The Girl from Gujranwala
A few months after being uprooted by the Partition, she wrote her immortal poem addressed to the Sufi poet Waris Shah, who had penned the tragic love story of the Punjabi folk lass, Heer.
Amrita's poem, transcending geographical and communal boundaries, captured the pain of the Partition:
I call out to Waris Shah today
To speak out from the graves
And open afresh a new page
From the book of love
A daughter of Punjab
Had wept once
And he wrote a million dirges
Today a million daughters weep
And look up to you Waris Shah
So please do speak ...
After this poem Amrita became dear to the heart of the Punjabis on both sides of the border. Over the years, her fame spread worldwide. Everyone looked at this rising star on the horizon of Punjabi literature. Besides poetry, she wrote fiction, biography, personal prose and travelogues. She authored many books in a career spanning seven decades.
The Revenue Stamp
In contemporary Punjabi literature, Amrita Pritam is an indisputable phenomenon who has virtually no parallel. Her autobiography Rashidi Tickat, "The Revenue Stamp," first published in Punjabi in 1976, is an honest chronicle written with warmth and truthfulness. It may be compared to Dom Moraes' My Son's Father, which Stephen Spender described as a minor classic. But, for literary critic Suresh Kohli, Rashidi Tickat was nothing more than just a "half-baked onion," for "it had none of the things you wanted to know about her life, her relationship with Sahir Ludhianvi and then, with Imroz. She was known as a ravishing beauty in Lahore. Yet, in Rashidi Tickat there was little to no account of her early years."
Unfortunately, this too is not bereft of controversy. At one time its fate was about to be hermetically sealed. Later, it appeared in both the Hindi and English versions. Retrospectively, when Amrita Pritam, in the course of a conversation with Khushwant Singh, disclosed her plans to write an autobiography, the latter unwittingly remarked: "What is there to your life? Just an incident or two ... you could use the back of a revenue stamp to write it."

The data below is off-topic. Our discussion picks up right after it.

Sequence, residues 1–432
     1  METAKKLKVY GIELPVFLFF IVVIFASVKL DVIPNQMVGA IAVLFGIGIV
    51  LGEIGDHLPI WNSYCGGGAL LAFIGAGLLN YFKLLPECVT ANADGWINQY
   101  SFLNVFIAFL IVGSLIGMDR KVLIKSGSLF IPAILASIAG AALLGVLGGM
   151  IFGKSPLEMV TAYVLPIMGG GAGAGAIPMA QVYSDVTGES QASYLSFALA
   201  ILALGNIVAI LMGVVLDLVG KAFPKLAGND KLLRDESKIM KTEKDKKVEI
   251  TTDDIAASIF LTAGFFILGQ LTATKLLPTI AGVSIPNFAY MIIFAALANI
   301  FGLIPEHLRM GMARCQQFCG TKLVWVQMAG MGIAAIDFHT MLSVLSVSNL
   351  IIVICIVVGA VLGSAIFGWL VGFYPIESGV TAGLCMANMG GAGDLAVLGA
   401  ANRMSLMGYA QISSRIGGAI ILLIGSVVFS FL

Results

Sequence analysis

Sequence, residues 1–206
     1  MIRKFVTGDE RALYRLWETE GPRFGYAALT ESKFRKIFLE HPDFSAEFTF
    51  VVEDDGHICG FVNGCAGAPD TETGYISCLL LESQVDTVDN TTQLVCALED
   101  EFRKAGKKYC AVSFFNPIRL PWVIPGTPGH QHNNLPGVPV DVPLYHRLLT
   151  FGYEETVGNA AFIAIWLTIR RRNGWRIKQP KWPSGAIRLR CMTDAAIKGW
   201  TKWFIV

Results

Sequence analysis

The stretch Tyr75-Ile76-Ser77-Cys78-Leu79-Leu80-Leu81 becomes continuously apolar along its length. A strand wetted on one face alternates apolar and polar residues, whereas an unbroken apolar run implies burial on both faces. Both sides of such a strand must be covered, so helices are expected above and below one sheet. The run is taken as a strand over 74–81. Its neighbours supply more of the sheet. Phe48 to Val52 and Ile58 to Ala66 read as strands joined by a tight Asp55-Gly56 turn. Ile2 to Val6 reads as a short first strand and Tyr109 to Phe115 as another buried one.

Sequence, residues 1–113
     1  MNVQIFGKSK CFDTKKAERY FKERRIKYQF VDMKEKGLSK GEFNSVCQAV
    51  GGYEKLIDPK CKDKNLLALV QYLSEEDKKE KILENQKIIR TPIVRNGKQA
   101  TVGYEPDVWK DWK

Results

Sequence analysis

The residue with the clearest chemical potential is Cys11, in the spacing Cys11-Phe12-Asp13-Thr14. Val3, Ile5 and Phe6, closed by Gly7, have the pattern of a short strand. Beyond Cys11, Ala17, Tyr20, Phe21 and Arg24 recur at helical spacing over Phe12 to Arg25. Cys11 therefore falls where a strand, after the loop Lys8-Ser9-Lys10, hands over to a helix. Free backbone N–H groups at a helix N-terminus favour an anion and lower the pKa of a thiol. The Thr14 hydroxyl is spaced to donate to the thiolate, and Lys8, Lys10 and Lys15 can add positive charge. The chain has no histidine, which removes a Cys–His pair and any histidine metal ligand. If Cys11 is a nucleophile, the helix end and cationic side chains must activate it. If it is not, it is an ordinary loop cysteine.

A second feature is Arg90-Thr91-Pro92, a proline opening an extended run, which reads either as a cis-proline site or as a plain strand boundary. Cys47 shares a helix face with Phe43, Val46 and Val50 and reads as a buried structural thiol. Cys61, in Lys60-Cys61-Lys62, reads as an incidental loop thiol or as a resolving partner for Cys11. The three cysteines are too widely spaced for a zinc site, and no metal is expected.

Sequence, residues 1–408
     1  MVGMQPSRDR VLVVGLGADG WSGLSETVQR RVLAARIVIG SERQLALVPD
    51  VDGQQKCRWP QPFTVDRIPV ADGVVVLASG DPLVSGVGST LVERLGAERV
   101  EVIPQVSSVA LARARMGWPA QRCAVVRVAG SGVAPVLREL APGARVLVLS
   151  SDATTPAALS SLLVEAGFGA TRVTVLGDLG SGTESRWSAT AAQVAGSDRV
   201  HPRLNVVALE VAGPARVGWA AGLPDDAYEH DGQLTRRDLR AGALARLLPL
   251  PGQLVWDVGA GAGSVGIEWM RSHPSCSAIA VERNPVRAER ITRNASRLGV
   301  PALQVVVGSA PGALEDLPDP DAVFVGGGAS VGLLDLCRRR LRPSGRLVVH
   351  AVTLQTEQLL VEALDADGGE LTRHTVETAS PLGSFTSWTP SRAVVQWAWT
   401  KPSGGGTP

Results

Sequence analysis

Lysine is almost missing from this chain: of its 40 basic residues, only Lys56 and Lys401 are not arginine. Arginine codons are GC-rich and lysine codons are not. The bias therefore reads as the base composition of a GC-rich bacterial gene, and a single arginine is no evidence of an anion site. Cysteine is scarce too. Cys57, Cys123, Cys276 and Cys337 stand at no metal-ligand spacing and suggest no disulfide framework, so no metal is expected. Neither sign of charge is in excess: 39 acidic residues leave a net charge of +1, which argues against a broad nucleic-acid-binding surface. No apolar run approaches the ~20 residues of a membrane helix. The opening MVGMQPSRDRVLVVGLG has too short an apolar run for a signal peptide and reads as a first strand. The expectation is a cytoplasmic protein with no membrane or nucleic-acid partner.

In a brief prologue to "The Revenue Stamp," Amrita Pritam shot back, "Whatever happened in my life happened between the layers of thought that found their way into novels and poems. What was left? Still, I thought I might write a few lines -- something to complete the account book of my life and at the end, seal it with this revenue stamp as it were. Or am I with this revenue stamp setting a seal to my novels and poems ... my entire, literary work ... I wonder."
Shadows of Words
Shadows of Words is another autobiography of Amrita Pritam. Not only does it capture her entire lifespan in its fold, but also its warp and woof entails an entirely novel depiction on a spiritual plane. Given her innate belief that since childhood all the chapters and experiences of her life have been created and lived under some shadow or another - death casts its shadows right at the time of her birth. Thereafter fall the shadows of weapons, words, dreams, shadows of authoritarian power and shadows of contemplation. These reflections affect her intense desire to present to the readers an incisive insight into her new inner world. Viewed from various angles, it happens to be a distinctly adventurous autobiography, which like a serialized photographic frame keeps enhancing those images.
According to Amardeep Singh, her most influential story is Pinjar ("Skeleton"), a dark narrative of the cross-religious abductions of women that took place in the Partition. The protagonist, Pooro, is a Hindu woman who is abducted and forcibly married into a Muslim family. Importantly, in Pritam's novel Pooro doesn't simply become yet another female victim of religious violence. Though she remains scarred, Pooro (renamed Hamida) comes to accept her new identity, and prosper in a provisional, post-traumatic sort of way. She becomes an agent on behalf of other women whose lives are jeopardized, which is almost a happy ending. It's a powerful basis for a narrative. But maybe the story doesn't carry us all the way. Amrita Pritam's story is somewhere between a realist (ethnographic and historical) account of a particularly nasty aspect of women's experiences of the partition, on the one hand, and a more internal psychological portrait where realism is only a secondary goal, on the other.
Here's the opening of the novel:
The sky was a colourless grey. Pooro sat on her haunches with a sack spread beneath her feet. She was shelling peas. She pressed open a pod and pushed out the row of peas with her finger. A slimy little slug stuck to her thumb. She felt as if she had stepped into a cesspool; she ground her teeth, flicked off the slug and rubbed her hand between her knees.